And here is the follow up to the films–my top reads. Again, in my very sloppy fashion, the only criteria is that it was new to me this year, not new this year. Also, these can be short stories, comics, graphic novels, novels, anything in print. In no particular order:
Ghoulish Song by Will Alexander: This is the sequel to Will’s Goblin Secrets which I read in a hotel room in Vietnam. Ghoulish Song lays over the top of Goblin Secrets, as they happen at the same time. The world that Will creates is deep and mythical, which makes sense, because Will knows his stuff.
Velvet by Ed Brubaker: Ed Brubaker crafts a spy tale of the 70s, with a charming hard woman lead who is super smart. It doesn’t coat the spy industry in any kind of shoe bombs or exploding wrist watches, so the story can get gritty, but it’s mostly a story of wits, Velvet matching strategy after strategy with an agency that thinks she’s a turncoat.
Memory by Lois McMaster Bujold: My SF book group introduced me to Bujold’s Miles books last year, and I thought, “Hey, I have to read these.” This is as far as I got this year. It was a hard call. This entry on the list could have been Mirror Dance, the book just before it, but Memory won because of its angst factor, and Miles’ deep reach into his soul and discovering what he was all about. Oh, and Simon Illyan didn’t hurt either.
Out of Sight, Out of Time by Ally Carter: My favorite of the Gallagher Girls series, the premise of which is private school for spy girls. The series starts a little slow, but by the time we get to this penultimate volume, I am along for the ride. Lots of action and some teen romance.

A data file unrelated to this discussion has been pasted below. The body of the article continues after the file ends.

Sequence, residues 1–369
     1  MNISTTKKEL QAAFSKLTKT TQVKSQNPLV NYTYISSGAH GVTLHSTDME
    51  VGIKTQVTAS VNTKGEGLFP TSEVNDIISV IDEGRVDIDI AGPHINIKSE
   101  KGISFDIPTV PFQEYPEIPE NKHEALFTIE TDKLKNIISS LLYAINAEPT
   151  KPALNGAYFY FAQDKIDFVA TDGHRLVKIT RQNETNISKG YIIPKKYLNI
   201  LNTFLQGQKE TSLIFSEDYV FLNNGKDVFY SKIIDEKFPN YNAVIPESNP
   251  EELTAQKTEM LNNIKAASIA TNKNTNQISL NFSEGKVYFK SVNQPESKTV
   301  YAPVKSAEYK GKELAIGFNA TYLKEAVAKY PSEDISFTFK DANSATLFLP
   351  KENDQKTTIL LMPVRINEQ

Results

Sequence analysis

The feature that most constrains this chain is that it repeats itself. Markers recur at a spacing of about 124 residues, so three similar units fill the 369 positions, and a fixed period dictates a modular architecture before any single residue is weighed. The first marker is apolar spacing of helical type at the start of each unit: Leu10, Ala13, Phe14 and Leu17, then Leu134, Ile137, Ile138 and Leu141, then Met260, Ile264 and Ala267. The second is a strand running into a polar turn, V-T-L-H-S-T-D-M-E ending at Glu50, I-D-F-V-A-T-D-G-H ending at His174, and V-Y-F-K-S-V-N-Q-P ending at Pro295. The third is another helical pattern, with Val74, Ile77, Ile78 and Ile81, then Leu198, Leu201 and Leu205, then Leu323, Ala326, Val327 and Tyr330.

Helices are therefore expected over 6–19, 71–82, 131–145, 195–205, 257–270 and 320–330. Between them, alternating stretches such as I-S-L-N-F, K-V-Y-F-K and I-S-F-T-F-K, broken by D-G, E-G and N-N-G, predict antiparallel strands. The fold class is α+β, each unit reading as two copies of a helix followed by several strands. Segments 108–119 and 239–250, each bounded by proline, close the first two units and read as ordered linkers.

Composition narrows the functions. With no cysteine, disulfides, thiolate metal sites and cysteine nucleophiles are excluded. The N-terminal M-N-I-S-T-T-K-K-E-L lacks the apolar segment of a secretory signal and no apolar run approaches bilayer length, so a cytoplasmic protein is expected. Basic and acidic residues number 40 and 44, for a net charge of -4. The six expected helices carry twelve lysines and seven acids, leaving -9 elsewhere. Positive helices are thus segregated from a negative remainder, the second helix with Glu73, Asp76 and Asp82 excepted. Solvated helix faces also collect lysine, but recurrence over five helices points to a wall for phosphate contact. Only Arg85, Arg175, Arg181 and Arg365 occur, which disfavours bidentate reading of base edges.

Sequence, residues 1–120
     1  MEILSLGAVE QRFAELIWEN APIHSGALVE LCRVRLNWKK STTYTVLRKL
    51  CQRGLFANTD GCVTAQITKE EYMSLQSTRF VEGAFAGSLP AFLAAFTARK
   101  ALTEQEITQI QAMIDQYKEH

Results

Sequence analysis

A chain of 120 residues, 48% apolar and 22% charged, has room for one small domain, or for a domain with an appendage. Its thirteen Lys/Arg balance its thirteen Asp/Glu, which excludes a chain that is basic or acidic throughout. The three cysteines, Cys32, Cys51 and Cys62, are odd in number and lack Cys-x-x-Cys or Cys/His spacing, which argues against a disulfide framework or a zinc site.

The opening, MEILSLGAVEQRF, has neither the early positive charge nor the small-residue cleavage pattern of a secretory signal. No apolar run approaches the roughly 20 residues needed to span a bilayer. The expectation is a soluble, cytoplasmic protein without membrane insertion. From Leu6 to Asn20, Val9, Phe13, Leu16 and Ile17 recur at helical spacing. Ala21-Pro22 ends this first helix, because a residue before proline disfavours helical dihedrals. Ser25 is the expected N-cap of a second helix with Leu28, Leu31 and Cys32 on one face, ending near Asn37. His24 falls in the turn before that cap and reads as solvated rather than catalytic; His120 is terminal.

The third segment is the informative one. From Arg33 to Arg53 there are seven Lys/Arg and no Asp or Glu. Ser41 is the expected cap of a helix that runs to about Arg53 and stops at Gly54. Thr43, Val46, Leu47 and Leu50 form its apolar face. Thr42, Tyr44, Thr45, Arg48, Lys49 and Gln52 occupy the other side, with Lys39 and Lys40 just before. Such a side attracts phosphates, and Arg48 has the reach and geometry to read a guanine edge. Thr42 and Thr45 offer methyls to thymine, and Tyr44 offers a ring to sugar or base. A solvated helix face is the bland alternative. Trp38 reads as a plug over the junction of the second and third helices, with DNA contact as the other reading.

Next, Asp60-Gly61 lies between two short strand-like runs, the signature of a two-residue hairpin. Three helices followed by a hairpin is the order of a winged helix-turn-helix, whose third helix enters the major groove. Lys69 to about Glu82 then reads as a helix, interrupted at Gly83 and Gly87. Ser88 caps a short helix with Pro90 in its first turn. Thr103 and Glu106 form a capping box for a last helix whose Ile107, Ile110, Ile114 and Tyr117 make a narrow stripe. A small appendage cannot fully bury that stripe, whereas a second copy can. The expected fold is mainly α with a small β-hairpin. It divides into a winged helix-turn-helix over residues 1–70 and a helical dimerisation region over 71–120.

London Falling by Paul Cornell: If Neal Cross and Neil Gaiman had a love child, it would be London Falling. It’s a very grim police procedural with dark characters. To make it even darker, there’s some awful, horrible sacrificial magic. Sometimes you have to put the book down, because you can’t keep going there. But the ending of the book is satisfying, even if you are still looking over your shoulder some months later. I have yet to read the sequel. I’m not avoiding it, but I hear it’s even grimmer.
You Have to Say Something by Dainin Katagiri: The zen master with sage advice for those of us who are looking to live more in the now, this easily accessible zen book is friendly and doesn’t take zen too seriously.
Fevre Dream by George R. R. Martin: Well, damn. This is an awesome book, with one of the most awesome characters in the whole of literature: Abner Marsh, a fat, ugly, old riverboat captain who is unstoppable. The vampires aren’t all that, but Marsh, quite frankly, is, and if you want a study on how to build a character, check this out.
Saga by Brian K. Vaughan: I’m pretty sure this was on my best list last year as well. That’s because it just keeps on keeping on. The characters stand out, there’s dramatic tension, the situations change. A year later, I’m still finding these characters fascinating to watch.
The Enola Holmes Series by Nancy Springer: And here’s a series where I just couldn’t choose one. The entirety of Enola Holmes, the middle grade series about Sherlock Holmes’ younger sister, sounds contrived, especially when you find out Sherlock and Mycroft are in it, but it’s not. Springer knows Victorian London inside and out, and does NOT in any way glamorize it. Enola is smart and kids will find her accessible and easy to identify with. I love her too.
Rat Queens by Kurtis J. Wiebe: I’ve only read the first collection, and I have to tell you that this thing is about as offbeat as it gets. I contemplated giving this spot to Princess Ugh by Ted Naifeh, but Rat Queens won because they are edgy and well, irreverent. Again, not a book for the kids, but if you would like to see your old Dungeons and Dragons campaign parodied by sassy women, this is for you.